“Advanced 3D printing solutions can help them accelerate this transformation,” he noted. “We are seeing more and more industries turning to 3D printing to disrupt their traditional supply chains and make them more efficient and flexible. In addition to new applications, entirely new ecosystems and alliances are emerging as companies look to deliver more value to end customers. When looking at our wider 3D printing business, across both Additive Manufacturing and metals, we’re already seeing this trend take hold in industries including automotive, consumer, healthcare and industrial.”
“On the metals side, we are seeing our partners GKN Additive (Forecast 3D), Parmatech, and Legor, as well
as our new industrial customers John Deere and Schneider Electric, put business agility and supply chain resiliency front and centre as we explore production applications that not only address economics and scale, but flexibility, mass-customisation, and added value that may not be measured simply by cost per part.”
While the AM market is unpredictable, and none of us can know for sure which technologies or companies will ‘win’ in the race to the top, the current results advertised by HP suggest that Metal Jet technology could offer MIM-equipped customers the opportunity to take advantage of Additive Manufacturing’s benefits at an industrial scale. For those without this knowledge or equipment available in house, perhaps HP’s service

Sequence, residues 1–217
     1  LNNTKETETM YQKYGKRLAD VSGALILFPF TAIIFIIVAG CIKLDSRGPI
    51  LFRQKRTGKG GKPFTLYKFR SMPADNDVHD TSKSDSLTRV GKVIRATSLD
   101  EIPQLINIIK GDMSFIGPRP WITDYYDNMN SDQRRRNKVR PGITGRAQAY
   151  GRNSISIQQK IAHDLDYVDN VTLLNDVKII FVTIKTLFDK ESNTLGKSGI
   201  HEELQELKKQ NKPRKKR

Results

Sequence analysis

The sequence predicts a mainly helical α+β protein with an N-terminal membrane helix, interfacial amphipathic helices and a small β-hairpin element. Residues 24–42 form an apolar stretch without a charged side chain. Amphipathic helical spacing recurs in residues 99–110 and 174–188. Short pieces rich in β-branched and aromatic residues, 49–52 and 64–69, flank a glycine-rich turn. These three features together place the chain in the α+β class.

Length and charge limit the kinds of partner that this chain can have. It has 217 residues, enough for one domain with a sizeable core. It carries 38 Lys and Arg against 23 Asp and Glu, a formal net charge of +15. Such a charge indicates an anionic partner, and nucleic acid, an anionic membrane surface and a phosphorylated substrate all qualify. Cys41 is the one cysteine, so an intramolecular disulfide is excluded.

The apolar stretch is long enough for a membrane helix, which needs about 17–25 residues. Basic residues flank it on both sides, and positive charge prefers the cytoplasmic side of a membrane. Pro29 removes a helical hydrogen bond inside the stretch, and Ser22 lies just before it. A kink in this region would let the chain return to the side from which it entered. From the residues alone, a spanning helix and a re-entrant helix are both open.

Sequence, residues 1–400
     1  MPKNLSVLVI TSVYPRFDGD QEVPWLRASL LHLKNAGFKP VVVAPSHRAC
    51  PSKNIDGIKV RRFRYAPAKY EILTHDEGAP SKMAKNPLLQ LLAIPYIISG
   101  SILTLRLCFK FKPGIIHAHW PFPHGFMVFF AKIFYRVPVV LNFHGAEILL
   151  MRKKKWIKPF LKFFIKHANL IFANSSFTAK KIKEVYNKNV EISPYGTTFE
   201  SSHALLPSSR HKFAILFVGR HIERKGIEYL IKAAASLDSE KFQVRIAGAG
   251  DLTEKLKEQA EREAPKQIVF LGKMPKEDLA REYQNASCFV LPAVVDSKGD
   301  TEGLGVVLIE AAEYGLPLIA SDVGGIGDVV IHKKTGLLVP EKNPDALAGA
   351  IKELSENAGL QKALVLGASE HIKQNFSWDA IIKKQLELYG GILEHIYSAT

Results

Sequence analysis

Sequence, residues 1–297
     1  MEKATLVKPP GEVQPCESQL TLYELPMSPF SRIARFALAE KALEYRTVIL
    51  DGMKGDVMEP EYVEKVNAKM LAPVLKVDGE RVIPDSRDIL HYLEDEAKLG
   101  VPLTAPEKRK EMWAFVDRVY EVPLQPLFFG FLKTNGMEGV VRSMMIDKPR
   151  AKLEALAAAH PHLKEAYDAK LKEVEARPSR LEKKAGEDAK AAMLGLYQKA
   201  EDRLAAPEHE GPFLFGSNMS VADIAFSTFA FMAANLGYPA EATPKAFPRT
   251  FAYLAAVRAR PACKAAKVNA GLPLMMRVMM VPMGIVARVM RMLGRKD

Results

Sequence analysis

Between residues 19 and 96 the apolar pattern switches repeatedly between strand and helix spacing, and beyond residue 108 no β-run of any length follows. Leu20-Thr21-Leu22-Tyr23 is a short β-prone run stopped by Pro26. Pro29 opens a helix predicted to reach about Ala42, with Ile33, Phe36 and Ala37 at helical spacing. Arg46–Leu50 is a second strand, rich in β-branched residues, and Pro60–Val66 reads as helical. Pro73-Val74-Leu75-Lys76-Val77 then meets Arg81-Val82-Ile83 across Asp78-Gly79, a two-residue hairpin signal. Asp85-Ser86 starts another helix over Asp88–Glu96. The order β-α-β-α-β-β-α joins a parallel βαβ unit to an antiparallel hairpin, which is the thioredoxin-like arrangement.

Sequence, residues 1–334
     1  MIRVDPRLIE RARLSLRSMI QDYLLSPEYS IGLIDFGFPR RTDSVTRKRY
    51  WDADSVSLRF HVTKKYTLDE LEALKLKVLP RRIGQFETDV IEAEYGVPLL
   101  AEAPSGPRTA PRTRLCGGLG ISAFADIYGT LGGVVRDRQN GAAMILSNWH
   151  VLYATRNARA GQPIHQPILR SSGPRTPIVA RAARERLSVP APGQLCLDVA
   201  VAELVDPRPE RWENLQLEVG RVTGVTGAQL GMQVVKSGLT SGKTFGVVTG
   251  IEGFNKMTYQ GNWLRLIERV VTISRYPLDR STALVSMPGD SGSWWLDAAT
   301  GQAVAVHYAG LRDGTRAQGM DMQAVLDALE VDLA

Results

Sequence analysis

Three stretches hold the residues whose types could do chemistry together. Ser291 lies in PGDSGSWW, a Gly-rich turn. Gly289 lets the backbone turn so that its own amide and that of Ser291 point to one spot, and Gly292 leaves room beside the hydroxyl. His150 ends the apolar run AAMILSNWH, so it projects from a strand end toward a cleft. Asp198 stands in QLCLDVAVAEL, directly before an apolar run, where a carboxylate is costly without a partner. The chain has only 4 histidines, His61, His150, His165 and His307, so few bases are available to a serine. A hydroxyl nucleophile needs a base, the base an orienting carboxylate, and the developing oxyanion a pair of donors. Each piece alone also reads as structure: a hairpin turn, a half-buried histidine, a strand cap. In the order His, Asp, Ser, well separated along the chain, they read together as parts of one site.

offerings will enable a new path into industrial sinter-based Additive Manufacturing from outside its traditional user base, without the need to spend years on small-scale, researchlevel test cases.
“Metal Binder Jetting provides better throughput and lower running costs than other AM processes,” Pastor concluded. “Due to the need for less melting and the use of lowercost materials — a third to a fifth of the cost for Binder Jetting materials than for AM powders — the potential to scale is much greater than with laser powder bed fusion and other processes. All in all, as more and more manufacturers across the globe recognise the benefits to Binder Jetting AM, we expect market demand to grow.”Author Emily-Jo Hopson-VandenBos Group Deputy Editor